Such an increase would force a tough choice between raising taxes, cutting domestic spending or reducing interest payments sent abroad for debt service. When foreign creditors begin to doubt that America has the resolve to make the hard choices, they will refuse to roll-over maturing obligations, forcing the government to actually repay principal. With trillions maturing each year, actual repayment is mathematically impossible.

But for now most people feel that the transition is underway to a healthy economy. The prevailing debate is when and how the Fed will let the economy fly on its own. Many of the top market analysts have great faith that Ben Bernanke can pull the monetary tablecloth off the table without disturbing the dishes. Those who hold this view fail to understand that the United States is caught in a stimulus trap from which there is no easy exit. How can the Fed wean the economy from stimulus when stimulus IS the economy? 

In truth, the trick Bernanke must actually perform is to pull the table out from beneath the cloth, leaving both the cloth and the dishes suspended in air.

What would happen to the Treasury market if the Federal Reserve, by far the biggest buyer and largest holder of Treasury bonds, became a net seller? Who will be there to keep the sell off from becoming an interest rate spiking rout? It may sound absurd to those of us who remember the economy before the crash, but our new economy can't tolerate "sky high" rates of four or five percent. What would happen to the housing market and the stock market if interest rates were to return to those traditional levels? The red ink would flow in rivers. With yields rising and asset prices falling, how long would it take before the Fed reverses course and serves up another round of stimulus? Not long at all.

That means any talk of an exit strategy is just that, talk. Not only can the Fed not exit, but it will have to delve further into the stimulus abyss. While doing so, the Fed will continuously insist that the exit lies just behind an ever moving horizon. It will repeat this mantra until a currency crisis finally forces a painful exit. GUARANTEED!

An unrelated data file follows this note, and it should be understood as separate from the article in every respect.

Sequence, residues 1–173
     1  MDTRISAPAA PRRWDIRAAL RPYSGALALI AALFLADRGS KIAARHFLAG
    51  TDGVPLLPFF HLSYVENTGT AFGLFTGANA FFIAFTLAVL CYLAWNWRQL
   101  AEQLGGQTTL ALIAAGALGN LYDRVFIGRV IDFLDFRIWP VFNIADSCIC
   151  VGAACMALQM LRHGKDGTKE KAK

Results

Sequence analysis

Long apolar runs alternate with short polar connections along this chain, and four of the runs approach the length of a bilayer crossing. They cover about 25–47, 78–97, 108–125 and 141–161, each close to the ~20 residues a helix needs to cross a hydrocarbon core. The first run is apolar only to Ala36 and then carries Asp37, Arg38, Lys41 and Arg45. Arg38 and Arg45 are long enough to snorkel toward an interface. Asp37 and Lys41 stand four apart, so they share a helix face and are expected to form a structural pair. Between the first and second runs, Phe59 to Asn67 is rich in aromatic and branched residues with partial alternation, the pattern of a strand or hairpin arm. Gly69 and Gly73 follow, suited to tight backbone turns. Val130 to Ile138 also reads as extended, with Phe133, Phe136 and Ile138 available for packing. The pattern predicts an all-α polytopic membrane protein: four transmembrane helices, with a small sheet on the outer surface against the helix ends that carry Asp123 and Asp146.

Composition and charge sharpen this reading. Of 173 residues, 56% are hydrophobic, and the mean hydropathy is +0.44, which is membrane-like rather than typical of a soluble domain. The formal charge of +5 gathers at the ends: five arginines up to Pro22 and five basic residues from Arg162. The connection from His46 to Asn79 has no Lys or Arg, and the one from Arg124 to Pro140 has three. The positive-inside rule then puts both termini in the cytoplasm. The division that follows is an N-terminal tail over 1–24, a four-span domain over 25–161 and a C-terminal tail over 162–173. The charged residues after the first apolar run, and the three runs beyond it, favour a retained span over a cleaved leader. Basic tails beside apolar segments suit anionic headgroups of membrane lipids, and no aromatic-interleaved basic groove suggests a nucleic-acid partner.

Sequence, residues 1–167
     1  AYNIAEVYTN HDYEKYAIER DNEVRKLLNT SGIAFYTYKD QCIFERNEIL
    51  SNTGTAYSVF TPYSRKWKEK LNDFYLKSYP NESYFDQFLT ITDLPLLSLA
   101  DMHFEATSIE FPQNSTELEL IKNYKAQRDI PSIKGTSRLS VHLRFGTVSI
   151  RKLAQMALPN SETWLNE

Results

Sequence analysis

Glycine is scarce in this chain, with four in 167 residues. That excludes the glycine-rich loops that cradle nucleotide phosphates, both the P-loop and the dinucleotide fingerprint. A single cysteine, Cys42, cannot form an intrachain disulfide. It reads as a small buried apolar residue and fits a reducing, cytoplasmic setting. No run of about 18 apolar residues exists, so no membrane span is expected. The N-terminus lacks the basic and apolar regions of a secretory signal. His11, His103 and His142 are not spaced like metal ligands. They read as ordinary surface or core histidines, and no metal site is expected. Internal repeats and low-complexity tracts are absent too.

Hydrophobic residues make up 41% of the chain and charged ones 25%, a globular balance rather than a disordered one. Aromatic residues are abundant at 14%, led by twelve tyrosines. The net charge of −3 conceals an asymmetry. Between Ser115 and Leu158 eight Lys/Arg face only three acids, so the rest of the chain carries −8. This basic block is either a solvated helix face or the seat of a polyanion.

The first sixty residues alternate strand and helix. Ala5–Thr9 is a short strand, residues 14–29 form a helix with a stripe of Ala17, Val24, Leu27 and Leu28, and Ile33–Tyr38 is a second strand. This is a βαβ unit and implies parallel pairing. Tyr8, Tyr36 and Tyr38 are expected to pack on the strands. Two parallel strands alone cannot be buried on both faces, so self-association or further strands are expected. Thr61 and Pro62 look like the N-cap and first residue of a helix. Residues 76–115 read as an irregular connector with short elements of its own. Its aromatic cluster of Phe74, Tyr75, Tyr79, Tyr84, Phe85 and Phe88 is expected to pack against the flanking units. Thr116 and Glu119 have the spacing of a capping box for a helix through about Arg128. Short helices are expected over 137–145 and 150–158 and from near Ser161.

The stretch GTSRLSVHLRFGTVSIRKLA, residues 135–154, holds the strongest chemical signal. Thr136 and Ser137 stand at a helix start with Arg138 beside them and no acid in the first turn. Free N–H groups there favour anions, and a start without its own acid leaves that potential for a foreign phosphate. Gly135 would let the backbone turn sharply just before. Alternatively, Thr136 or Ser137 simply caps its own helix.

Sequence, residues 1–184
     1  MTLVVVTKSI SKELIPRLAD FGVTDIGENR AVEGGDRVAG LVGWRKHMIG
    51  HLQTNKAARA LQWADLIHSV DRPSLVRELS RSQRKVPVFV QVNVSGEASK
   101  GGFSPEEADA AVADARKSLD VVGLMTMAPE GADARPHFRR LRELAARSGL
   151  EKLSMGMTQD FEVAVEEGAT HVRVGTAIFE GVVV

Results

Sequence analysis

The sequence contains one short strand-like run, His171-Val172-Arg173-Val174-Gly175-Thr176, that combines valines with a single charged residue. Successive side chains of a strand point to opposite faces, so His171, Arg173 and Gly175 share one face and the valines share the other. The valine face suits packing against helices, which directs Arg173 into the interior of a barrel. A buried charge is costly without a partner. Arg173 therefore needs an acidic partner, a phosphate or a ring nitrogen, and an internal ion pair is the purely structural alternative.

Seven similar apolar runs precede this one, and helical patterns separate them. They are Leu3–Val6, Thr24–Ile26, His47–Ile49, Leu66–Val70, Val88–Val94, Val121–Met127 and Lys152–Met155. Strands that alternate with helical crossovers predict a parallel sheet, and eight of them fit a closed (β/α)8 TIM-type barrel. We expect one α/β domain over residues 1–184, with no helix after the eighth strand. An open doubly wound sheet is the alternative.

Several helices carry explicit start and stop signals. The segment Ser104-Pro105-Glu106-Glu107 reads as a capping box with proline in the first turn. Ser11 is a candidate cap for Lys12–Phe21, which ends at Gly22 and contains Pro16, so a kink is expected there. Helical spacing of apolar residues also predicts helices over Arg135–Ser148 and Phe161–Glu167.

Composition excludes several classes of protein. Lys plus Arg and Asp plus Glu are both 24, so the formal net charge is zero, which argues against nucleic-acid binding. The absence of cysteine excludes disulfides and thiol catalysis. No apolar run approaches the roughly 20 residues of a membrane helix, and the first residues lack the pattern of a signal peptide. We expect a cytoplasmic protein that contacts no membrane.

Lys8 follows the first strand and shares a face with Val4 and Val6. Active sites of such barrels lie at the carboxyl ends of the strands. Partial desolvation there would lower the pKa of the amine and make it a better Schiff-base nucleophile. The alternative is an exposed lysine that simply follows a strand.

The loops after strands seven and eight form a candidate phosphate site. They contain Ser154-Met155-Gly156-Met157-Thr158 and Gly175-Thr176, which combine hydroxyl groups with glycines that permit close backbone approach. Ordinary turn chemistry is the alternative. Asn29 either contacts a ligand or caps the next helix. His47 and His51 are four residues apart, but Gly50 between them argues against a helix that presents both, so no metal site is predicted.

Unfortunately, the longer the Fed waits to exit, the more painful the exit will be. But trading long-term pain for short-term gain is the Fed's specialty. In the meantime, Wall Street watches in uncomprehending stupor as the economy settles deeper and deeper into the stimulus trap.




Throughout the colorful history of organized crime in the United States, periodic eruptions of inter-gang Mafia violence have dotted the criminal landscape. When turf wars broke out between competing crime families in major cities such as New York and Chicago, the combatants would conduct their warfare from unsavory redoubts such as abandoned warehouses or low-rent hotels and apartments. In such locations, the soldiers would spend their off hours sleeping on rented mattresses until the internecine conflicts had run their course; hence the expression "going to the mattresses."

Well, there is another turf war going on, a worldwide one, one that threatens the entire economic and political landscape of the planet. It is between all the hard working savers on the planet and the ever greedy criminal bankers and their cohorts in government. The real big canary singing out an extreme danger warning to all traditional savers who wish to entrust their wealth to banks and other paper vehicles – stocks, bonds, etc., is the incredible emergency banking shutdown in the tiny island nation of Cyprus. Granted, Cyprus represents only .02% of the population of the European Union. Yet what is occurring there is the harbinger of great risk to traditional savers on every continent; and equally important, there are many more scary danger signs raising their ugly heads as well.

To recap for a moment, let's briefly itemize the situation in Cyprus. Cyprus, like just about every other country on the planet, has for decades been politically committed to a socialist based economy. In this scenario, politicians have promised benefits to the various voting classes which have far exceeded their annual tax revenue. This has caused its government to continually accumulate deficits that have resulted in a very large national debt in relation to its GDP. 

This debt has been collateralized by sovereign bonds sold to and purchased by large banks in Europe and elsewhere. Now this debt has become so large the government of Cyprus can no longer afford to pay even the interest, let alone reduce principal. What happens at this juncture, is that a powerful international banking institution, in this case, the European Central Bank (substitute your favorite lender of last resort – the Federal Reserve, the IMF, the World Bank, etc., etc.), has agreed to come to the rescue of the cash strapped government and help it make its current annual debt payment.

However, this emergency funding comes with a draconian penalty for the trusting taxpaying savers. In this instance, the European Central Bank has cut a secret deal with the Cypriot government to raid the bank accounts of all the country's bank depositors, between six and ten percent. This proposed robbery, if it comes to pass, will confiscate billions from citizens and non-citizens alike who have placed their trust in the security of Cyprus's banks. What has resulted, of course, is riotous response throughout the nation and frantic sell-offs in world equity markets.